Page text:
Outcomes

  • 14 videos filmed and produced
  • 14 Value-Based Communications trainings conducted
  • 14 messaging and media packets produced, tailored to local issues
  • At least 20,000 views on each video on social media
  • Quarterly webinars, and as needed for quick reaction to urgent issues
  • National convening of lawmakers who have worked with us
  • Lawmakers and community leaders utilizing our communications trainings, messaging documents, social media, letters to the editor and op-ed’s
  • Monitoring and mapping of climate policy introduced, as a result of our engagement
  • Evaluations of climate issues at or near the top of our targeted state’s agenda in the Capitols and communities
  • Leadership, committee chairs, and staff talking publically about the need to address climate issues

Partners— We are currently working with the following partners: Elected Officials to Protect America is an implantation partner. Go Fovrth studios is a production partner. The Solon Center for Research and Publishing is our fiscal partner. Networks like State Innovation Exchange, Local Progress, Climate Mayors, and Young Elected Officials that convene progressive state and local elected officials. Implementation partners like ICLEI, Mayors Innovation Project, and National League of Cities provide direct policy implementation support for local and state action. Advocacy partners like 350.org, NextGen America, the Truman National Security Project, Food & Water Watch, Advanced Energy Economy, Climate Hawks, Water 2017, Lonely Whale Foundation, EarthJustice, Divest-Invest Network, and Oil Change International work with lawmakers and community leaders in their local contexts.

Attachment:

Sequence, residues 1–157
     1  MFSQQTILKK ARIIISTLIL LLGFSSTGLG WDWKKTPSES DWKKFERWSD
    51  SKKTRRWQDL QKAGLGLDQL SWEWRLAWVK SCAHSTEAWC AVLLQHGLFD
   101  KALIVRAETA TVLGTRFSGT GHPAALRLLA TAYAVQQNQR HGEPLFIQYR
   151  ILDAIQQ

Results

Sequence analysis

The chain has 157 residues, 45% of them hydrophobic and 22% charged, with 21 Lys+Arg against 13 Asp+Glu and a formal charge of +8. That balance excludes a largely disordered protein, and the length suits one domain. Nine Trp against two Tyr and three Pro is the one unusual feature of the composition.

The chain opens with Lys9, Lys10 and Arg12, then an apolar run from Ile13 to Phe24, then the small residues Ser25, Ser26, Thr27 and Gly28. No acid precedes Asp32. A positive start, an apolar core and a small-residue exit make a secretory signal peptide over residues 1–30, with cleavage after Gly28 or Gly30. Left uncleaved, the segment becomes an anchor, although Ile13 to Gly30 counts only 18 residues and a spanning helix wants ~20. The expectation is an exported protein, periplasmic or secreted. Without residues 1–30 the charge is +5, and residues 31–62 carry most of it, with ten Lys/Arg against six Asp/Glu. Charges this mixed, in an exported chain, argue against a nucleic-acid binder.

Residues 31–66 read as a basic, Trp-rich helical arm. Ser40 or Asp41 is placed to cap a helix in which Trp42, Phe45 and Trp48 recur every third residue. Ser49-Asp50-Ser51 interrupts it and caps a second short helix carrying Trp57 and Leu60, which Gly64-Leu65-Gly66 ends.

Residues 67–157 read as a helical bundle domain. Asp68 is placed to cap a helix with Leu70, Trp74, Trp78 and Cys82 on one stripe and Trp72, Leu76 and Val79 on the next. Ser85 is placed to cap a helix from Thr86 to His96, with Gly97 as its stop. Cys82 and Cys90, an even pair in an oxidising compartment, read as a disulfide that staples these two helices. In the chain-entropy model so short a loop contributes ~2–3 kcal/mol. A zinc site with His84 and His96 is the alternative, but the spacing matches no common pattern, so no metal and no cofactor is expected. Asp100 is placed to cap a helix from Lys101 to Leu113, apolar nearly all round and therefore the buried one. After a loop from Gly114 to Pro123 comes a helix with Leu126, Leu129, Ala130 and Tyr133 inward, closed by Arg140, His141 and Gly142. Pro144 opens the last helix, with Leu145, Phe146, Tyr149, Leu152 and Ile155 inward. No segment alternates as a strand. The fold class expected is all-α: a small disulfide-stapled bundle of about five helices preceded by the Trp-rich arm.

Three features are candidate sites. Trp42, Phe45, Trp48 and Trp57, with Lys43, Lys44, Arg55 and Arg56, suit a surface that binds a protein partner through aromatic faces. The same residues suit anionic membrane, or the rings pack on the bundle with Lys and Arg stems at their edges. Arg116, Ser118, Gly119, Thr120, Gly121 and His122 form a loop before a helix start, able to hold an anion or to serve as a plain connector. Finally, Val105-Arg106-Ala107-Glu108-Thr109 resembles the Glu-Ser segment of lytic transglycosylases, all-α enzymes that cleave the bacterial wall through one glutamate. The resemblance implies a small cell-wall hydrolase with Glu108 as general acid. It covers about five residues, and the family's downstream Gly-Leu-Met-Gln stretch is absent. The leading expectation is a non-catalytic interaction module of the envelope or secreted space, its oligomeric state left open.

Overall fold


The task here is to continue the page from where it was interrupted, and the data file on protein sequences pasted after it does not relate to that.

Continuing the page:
Team— Adrian Grenier is an actor, musician, director and producer; he is a non-fiction, multimedia storyteller best known for his acting role in the Emmy-nominated HBO series, Entourage. As a vehicle to craft socially responsible human stories, Adrian founded Reckless Productions in 2002. Through television and film, both documentary and narrative, his company aims to evoke dialogue on important, current topics.

Anna Therese Day is an award-winning journalist, a Fulbright Fellow, a UN Press Fellow, and was named one of Google Zeitgeist’s top 30 Great Young Minds of Our Time. The Shorty Awards for Social Medi recognized her as one of the Top 10 journalists of the Year. She was selected as one of Mic.com’s Millennial Leaders and contributes to The New York Times Women in the World, BBC, Al Jazeera, The Huffington Post, AJ+. Day became a global brand ambassador for Skype’s “The Things We Can Do” English-language campaign. Anna is a partner with the Truman National Security Project and is currently reporting on how wildfires become more dangerous with climate change. In the Pacific, she has documented the life of climate refugees.